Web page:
Every baby is a little miracle. Holding the tiny hands and feet, the first scream, the first smile are unforgettable moments in the life of all parents. For Rhana Bakht, however, it was even more than that when she held her son Louis in her arms for the first time. The 34-year-old has been on dialysis for almost 20 years and still gave birth to a healthy son beginning of the year.
“When I found out I was pregnant, I was initially shocked,” says Rhana Bakht today, “The pregnancy was not planned, of course. As a dialysis patient, it is a big risk, but it was clear to me that I wanted to have the child.” Pregnancy in dialysis patients can lead to a variety of complications, but it is quite possible if gynecologists and nephrologists closely work together. Dr. Andreas Dillmann, Dr. Dominik Kahlke and Dr. Janine Rothgordt, specialists in internal medicine and nephrology in our MVZ in Hamburg/Germany, accompanied Rhana Bakhat throughout the entire time of pregnancy: “For us, a pregnant patient is of course not an everyday case, but we have worked together very well with the colleagues and the pregnancy went well for the longest time “, says Dr. Dillmann.
During pregnancy, the unborn child is connected to the mother’s blood circulation via the umbilical cord. If the mother´s kidney is not working properly, the child is also contaminated with the pollutants in the blood. Therefore it is important to dialyse the patient as often as possible. “We have dialysed her six times a week for five hours, changed the composition of the dialysate and adjusted the patient’s diet to compensate the loss of protein,” explains Dr. Kahlke. “In addition, we changed the medication and sonographically checked the target weight every week.”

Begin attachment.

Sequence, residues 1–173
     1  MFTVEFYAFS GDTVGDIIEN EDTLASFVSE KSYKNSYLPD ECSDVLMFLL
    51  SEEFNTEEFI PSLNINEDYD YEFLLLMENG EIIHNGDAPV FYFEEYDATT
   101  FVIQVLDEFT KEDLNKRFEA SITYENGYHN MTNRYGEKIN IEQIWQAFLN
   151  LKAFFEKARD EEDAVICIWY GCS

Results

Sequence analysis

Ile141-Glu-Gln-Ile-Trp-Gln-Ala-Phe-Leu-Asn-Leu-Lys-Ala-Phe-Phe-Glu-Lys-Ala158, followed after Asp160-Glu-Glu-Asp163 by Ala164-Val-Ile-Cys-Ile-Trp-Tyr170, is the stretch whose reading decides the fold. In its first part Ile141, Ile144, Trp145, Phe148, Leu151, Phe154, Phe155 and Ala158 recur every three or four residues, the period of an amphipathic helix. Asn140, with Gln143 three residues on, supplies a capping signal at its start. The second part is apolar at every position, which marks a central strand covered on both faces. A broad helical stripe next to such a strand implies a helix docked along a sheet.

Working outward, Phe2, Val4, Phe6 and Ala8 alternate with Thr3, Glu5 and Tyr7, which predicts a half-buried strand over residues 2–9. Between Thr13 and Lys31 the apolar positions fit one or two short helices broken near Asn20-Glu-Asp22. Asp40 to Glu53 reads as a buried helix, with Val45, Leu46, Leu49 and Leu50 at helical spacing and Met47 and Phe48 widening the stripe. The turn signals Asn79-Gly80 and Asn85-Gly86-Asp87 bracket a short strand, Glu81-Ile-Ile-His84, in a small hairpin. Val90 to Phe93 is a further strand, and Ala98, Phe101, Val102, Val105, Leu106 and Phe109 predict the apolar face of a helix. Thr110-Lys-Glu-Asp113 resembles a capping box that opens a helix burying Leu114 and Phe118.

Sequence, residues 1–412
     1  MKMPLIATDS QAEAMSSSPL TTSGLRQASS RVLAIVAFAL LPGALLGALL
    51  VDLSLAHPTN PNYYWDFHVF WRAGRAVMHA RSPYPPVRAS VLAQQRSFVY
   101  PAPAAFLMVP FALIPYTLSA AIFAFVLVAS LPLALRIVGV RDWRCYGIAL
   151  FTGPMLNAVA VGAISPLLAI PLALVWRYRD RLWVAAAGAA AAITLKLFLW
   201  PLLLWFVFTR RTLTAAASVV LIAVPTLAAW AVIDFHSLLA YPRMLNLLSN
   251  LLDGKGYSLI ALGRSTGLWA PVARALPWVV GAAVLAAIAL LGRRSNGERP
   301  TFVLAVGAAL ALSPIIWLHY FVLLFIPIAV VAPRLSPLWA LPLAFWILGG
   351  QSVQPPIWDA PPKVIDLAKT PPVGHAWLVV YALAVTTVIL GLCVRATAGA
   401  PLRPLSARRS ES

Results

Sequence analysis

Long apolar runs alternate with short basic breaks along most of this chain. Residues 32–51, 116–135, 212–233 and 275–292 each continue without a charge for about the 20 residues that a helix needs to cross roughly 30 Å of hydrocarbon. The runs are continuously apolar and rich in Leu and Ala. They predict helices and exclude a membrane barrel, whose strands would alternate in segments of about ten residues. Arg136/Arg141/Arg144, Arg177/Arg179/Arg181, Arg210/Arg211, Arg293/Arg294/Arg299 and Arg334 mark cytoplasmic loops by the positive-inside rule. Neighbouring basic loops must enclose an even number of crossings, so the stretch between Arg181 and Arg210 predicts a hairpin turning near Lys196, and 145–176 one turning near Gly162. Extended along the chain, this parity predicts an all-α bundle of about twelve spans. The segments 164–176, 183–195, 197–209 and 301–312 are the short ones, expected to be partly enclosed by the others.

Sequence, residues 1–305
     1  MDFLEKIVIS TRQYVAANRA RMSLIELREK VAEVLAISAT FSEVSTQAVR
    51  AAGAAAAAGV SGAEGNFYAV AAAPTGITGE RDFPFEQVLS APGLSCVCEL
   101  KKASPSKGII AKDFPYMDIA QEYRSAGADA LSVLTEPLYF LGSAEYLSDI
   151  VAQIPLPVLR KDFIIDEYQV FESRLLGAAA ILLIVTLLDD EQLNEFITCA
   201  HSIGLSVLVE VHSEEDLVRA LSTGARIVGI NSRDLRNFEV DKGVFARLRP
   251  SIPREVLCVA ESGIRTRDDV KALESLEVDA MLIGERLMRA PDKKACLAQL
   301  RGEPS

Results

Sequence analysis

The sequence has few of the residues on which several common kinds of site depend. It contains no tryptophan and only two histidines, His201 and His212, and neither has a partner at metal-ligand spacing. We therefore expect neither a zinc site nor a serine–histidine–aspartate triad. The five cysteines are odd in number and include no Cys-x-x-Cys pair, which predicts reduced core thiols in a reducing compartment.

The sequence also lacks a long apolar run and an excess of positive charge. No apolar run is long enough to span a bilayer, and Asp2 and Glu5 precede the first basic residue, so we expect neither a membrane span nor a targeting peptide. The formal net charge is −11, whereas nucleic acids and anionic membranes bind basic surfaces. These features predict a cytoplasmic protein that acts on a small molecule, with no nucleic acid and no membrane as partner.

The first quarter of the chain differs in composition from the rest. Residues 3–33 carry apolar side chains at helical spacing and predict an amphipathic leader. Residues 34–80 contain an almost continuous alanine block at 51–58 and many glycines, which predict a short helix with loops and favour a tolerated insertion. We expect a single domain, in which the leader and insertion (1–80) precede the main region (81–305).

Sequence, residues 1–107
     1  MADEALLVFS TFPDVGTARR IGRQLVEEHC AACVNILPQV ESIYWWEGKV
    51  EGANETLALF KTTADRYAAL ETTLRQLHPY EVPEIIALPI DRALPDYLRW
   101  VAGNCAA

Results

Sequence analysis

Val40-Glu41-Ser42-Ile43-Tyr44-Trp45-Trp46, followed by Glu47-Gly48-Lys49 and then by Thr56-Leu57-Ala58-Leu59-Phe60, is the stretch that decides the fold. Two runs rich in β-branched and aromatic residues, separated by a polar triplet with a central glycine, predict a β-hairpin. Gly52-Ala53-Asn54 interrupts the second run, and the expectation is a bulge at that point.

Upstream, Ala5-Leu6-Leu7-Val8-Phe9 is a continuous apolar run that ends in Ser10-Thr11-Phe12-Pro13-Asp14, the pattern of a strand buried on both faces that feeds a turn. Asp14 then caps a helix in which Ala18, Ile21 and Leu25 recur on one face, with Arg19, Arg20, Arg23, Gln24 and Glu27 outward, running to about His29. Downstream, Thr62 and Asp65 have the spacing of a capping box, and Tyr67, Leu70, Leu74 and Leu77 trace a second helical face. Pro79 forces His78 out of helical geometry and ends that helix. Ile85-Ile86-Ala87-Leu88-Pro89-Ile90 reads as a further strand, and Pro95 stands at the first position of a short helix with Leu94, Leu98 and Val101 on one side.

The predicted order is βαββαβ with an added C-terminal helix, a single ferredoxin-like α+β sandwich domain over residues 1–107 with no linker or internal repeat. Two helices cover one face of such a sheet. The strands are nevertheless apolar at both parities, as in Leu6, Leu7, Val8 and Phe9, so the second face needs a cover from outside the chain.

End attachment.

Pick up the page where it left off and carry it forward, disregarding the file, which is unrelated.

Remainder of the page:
The pregnancy went well for Rhana Bakht until the very end when she started to suffered from the HELLP syndrome. This is a form of pre-eclampsia in which the number of blood platelets responsible for blood clotting decreases sharply within hours. In this case the patient suffers from severe pain in the upper abdomen and swelling of the hands, legs or face. Also, blurred vision, yellowing of the skin, sudden nausea, diarrhea and vomiting or skin jaw can indicate that the pregnant woman suffers from the HELLP syndrome. High blood pressure and protein in the urine are also characteristic features. As soon as it became clear that Mrs. Bakht was suffering from HELLP syndrome, the doctors arranged for a caesarean section not to endanger the life of mother and child. Louis was born on March 13. After a few weeks, he and his mother were able to leave the hospital.
But how do you cope with a newborn and regular dialysis sessions? “In the beginning, it was not easy, since the health insurance company does not provide us with a nanny and my husband is fully employed. I had to bring Louis with me to the dialysis clinic for a while but took perfectly care of , “says Rhana Bakht. “Now, we have found our routines and it is wonderful to see Louis learning new things every day!”
We wish Mrs Bakht and her family all the best for the future!